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Health hackathons: theatre or substance? A survey assessment of outcomes from healthcare-focused hackathons in three countries
  1. Kristian R Olson1,2,3,
  2. Madeline Walsh4,
  3. Priya Garg5,
  4. Alexis Steel1,3,
  5. Sahil Mehta6,
  6. Santorino Data7,8,
  7. Rebecca Petersen9,
  8. Anthony J Guarino10,
  9. Elizabeth Bailey1,3,
  10. David R Bangsberg11
  1. 1Massachusetts General Hospital Global Health, Boston, Massachusetts, USA
  2. 2Department of Medicine, Harvard Medical School, Boston, Massachusetts, USA
  3. 3Consortium for Affordable Medical Technology, Boston, Massachusetts, USA
  4. 4Department of Political Science, Williams College, Williamstown, Massachusetts, USA
  5. 5Department of Hacking Medicine, Massachusetts Institute of Technology, Cambridge, Massachusetts, USA
  6. 6Lattice Innovations, New Delhi, India
  7. 7Department of Pediatrics, Mbarara University of Science and Technology, Mbarara, Uganda
  8. 8Consortium for Affordable Medical Technology Uganda, Mbarara, Uganda
  9. 9Department of Psychology, Azimuth Psychological, Boston, Massachusetts, USA
  10. 10Fulbright Specialist, Fulbright Scholar Program, Boston, MA, USA
  11. 11Oregon Health and Sciences University-Portland State University, Portland, Oregon, USA
  1. Correspondence to Dr Kristian R Olson, 125 Nashua Street, 7th Floor, Boston, MA 02114, USA; krolson{at}


Background Healthcare-focused hackathons are 48-hour platforms intended to accelerate novel medical technology. However, debate exists about how much they contribute to medical technology innovation. The Consortium for Affordable Medical Technologies (CAMTech) has developed a three-pronged model to maximise their effectiveness. To gauge the success of this model, we examined follow-up outcomes.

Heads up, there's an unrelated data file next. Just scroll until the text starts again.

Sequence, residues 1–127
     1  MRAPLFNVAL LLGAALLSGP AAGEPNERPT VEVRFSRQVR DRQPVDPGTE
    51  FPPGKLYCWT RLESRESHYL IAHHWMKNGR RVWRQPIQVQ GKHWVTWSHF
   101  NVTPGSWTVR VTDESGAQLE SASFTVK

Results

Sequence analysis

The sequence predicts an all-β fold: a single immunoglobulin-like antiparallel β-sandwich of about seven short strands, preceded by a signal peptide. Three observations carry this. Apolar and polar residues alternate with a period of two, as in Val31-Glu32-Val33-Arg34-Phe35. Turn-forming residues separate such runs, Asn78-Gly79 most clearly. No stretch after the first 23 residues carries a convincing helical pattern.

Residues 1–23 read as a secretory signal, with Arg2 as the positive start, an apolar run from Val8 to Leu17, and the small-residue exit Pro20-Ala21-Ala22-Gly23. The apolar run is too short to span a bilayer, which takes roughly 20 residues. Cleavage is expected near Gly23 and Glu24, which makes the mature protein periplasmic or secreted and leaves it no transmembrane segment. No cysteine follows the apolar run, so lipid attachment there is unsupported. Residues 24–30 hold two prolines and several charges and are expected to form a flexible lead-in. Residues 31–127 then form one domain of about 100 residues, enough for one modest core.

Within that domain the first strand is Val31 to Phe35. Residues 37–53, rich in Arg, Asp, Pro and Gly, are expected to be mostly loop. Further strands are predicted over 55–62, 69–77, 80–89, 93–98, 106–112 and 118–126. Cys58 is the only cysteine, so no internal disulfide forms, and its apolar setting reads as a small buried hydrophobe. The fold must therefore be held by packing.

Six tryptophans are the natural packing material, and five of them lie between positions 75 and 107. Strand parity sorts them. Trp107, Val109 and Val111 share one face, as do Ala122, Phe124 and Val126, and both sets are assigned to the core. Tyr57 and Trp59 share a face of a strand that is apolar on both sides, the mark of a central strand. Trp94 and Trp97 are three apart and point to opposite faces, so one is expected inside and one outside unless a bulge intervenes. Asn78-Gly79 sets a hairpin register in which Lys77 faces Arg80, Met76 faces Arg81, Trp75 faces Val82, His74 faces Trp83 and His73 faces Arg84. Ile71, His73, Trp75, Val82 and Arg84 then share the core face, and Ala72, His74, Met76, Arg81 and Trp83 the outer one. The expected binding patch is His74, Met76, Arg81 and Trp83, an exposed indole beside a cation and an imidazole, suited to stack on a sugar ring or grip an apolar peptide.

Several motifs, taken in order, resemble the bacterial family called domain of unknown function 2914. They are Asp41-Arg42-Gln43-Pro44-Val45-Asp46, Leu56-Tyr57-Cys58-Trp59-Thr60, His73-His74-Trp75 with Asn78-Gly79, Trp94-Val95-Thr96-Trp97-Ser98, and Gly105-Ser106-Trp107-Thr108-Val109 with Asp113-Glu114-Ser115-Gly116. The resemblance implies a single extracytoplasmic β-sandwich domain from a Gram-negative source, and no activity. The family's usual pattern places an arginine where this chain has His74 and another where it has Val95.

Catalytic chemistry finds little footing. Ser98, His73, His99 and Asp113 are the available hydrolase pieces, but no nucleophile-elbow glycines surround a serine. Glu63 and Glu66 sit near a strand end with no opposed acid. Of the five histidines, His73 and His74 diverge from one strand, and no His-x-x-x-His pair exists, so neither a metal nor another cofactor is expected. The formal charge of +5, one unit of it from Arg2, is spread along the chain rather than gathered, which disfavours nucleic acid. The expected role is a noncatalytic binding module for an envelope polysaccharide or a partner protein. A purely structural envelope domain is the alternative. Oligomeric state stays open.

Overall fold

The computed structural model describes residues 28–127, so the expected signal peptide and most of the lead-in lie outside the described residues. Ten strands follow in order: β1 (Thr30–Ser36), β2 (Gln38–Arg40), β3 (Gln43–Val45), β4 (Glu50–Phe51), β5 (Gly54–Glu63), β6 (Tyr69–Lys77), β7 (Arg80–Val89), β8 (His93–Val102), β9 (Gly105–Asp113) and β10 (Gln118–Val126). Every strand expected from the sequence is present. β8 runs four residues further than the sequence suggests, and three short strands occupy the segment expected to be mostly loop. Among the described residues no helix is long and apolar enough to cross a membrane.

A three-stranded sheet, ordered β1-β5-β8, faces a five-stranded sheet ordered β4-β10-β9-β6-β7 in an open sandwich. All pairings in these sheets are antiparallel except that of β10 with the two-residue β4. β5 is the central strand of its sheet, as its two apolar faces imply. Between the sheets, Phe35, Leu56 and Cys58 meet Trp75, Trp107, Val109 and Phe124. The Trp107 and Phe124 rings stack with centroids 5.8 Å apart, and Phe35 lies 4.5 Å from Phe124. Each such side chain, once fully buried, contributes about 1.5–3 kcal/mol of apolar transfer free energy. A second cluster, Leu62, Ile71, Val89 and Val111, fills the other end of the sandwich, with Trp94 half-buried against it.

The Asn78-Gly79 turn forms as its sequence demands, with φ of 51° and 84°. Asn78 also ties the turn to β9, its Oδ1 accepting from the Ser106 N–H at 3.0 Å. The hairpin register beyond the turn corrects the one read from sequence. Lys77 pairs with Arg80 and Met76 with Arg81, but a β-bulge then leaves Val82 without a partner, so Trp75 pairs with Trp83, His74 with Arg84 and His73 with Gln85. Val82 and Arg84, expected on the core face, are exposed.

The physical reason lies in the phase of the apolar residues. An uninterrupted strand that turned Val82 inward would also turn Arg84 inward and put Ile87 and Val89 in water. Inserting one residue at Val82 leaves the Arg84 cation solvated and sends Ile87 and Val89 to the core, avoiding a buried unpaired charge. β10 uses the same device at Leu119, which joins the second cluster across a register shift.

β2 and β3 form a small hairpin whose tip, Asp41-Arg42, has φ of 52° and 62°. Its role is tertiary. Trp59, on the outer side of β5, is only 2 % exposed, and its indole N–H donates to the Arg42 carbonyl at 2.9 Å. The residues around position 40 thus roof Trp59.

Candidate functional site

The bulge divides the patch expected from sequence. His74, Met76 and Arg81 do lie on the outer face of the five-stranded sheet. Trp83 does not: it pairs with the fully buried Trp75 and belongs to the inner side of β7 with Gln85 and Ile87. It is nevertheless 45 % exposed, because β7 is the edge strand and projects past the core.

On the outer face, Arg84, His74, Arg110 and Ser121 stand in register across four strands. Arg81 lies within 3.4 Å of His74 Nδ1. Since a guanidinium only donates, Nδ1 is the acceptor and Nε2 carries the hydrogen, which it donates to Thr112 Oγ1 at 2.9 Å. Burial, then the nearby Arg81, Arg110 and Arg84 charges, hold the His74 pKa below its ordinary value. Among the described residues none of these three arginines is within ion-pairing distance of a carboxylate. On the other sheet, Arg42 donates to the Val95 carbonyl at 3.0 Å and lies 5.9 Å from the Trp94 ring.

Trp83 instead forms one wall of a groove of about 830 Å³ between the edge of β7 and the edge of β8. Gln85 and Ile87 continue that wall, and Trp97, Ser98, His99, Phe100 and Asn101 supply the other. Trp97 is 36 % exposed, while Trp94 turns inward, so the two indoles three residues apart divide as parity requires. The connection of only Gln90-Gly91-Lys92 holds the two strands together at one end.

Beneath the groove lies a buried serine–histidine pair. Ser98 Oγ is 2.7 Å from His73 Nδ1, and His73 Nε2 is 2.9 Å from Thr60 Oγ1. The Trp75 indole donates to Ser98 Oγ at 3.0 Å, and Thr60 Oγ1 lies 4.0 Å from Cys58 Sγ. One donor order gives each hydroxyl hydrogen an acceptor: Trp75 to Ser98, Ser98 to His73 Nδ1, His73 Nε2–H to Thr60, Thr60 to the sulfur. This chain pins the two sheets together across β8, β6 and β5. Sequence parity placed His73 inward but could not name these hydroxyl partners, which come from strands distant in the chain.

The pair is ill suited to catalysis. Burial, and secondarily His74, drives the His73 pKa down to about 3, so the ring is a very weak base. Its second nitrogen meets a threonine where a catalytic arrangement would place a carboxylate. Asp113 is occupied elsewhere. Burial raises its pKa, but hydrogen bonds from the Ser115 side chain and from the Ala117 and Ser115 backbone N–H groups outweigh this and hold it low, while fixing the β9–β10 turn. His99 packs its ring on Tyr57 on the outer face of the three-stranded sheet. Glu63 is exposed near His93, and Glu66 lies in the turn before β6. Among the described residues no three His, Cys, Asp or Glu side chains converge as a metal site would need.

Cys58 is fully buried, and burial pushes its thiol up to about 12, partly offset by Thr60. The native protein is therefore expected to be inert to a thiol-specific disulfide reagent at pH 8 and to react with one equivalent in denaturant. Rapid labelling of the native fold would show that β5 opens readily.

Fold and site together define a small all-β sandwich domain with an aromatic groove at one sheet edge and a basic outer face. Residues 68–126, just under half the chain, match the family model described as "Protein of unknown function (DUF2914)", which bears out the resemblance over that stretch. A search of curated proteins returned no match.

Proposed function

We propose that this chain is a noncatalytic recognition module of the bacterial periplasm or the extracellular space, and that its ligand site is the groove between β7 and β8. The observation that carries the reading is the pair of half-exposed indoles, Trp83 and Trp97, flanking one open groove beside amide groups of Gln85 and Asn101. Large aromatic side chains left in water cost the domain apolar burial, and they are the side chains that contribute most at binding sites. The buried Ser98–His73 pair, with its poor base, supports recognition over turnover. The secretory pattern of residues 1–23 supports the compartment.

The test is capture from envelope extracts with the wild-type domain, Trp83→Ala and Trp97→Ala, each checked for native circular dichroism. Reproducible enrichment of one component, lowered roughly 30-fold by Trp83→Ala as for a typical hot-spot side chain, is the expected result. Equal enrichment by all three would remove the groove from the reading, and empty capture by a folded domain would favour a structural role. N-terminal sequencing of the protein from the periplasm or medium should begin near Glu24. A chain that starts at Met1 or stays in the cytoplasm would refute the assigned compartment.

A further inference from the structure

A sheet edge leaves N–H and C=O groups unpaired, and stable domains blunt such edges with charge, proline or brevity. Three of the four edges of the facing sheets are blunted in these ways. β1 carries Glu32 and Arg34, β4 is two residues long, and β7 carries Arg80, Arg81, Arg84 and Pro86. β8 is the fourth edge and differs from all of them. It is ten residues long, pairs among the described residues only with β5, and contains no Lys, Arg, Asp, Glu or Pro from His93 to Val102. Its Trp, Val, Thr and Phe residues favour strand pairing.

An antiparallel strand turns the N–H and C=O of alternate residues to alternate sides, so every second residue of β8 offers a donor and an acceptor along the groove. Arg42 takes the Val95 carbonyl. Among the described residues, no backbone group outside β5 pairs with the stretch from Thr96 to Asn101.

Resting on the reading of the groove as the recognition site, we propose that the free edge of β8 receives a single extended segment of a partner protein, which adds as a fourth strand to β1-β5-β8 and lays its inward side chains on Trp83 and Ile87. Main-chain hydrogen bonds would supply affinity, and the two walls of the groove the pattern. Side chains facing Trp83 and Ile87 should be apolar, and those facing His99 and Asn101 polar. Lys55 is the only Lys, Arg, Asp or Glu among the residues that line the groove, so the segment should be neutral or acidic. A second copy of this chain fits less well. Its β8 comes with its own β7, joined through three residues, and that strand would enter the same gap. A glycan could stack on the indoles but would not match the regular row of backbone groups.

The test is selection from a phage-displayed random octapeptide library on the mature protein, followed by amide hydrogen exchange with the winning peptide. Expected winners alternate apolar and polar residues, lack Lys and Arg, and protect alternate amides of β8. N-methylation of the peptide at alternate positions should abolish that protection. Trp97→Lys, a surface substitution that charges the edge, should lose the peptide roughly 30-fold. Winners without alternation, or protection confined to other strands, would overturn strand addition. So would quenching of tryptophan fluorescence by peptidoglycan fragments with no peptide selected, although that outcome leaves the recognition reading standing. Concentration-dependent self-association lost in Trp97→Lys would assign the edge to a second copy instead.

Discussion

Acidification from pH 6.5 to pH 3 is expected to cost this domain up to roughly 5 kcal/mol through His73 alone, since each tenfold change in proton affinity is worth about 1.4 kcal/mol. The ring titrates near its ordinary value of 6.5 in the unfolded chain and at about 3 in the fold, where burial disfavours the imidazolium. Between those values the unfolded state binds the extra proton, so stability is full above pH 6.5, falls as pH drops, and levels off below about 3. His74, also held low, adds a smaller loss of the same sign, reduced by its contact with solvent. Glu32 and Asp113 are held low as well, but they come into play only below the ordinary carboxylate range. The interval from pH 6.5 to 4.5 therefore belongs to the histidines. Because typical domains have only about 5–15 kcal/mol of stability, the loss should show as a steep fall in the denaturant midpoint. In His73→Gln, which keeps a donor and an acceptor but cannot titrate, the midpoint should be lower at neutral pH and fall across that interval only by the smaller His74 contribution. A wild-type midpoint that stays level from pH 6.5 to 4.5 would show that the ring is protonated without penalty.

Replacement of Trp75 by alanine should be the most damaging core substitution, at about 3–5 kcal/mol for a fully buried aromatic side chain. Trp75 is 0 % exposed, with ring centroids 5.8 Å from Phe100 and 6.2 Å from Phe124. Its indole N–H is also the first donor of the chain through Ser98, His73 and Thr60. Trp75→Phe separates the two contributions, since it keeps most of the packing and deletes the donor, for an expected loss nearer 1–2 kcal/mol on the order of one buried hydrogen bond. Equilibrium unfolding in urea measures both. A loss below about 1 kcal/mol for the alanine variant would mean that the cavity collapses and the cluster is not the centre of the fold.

Methods Outcomes of 12 hackathons from 2012 to 2015 in India, Uganda and the USA were measured using emailed surveys. To minimise response bias, non-responding teams were coded as having made no progress.

Results 331 individuals provided information on 196 of 356 projects (55.1% response rate), with no difference in responses from teams participating in different countries (Cramer's V=0.09, p=0.17). 30.3% of projects had made progress after a mean of 12.2 months. 88 (24.7%) teams had initiated pilot testing, with 42 (11.8%) piloting with care providers and 24 (6.7%) with patients. Overall, 97 teams (8.1 per hackathon) drafted business plans, 22 (1.8 per hackathon) had filed patents on their innovations and 15 (1.3 per hackathon) had formed new companies. Teams raised US$64.08 million in funding (average US$5.34 million per hackathon; median award size of $1800). In addition, 108 teams (30.3%) reported at least one member working on additional technologies with people they met at a hackathon. Individual confidence to address medical technology challenges was significantly increased after attending (t(1282)=192.77, p 0.001).

Conclusion CAMTech healthcare hackathons lead to consistent output with respect to medical technology innovation, including clinical trials, business plan development, securing investment capital/funding and new company formation.

  • hackathons
  • medical devices
  • innovations
  • low and middle income countries
  • value

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  • Twitter Follow Kristian Olson @olsonkristian1

  • Contributors KRO conceptualised the study design, execution, and provided the first draft of the article, subsequent revisions, and submitted the manuscript. MW contributed to data collection, initial analysis, and research of background as well as initial drafts. PG contributed to the design and initial survey draft, and performed data collection for the first survey time period as well as draft revisions. AS, SM, SD and EB all contributed to conceptualisation of the study design and to editing of the manuscript drafts. RP and AJG contributed to the formatting of the arguments, statistical analysis and draft editing. DRB helped to conceptualise the investigation and provided guidance on the analysis and structure of the manuscript. All authors contributed to the editing of the final drafts of the manuscript and all provided approval of the final submission.

  • Funding This study was graciously funded by the Bacca Foundation (Grant Number 1200-020972).

  • Competing interests None declared.

  • Ethics approval Partners Healthcare Institutional Review Board.

  • Provenance and peer review Not commissioned; externally peer reviewed.

  • Data sharing statement KRO, MW, RP and AJG are study staff who continue to have access to the entire data set. All have completed Human Subjects Research training. These data are available only via password-protected web portals to the primary survey responses.

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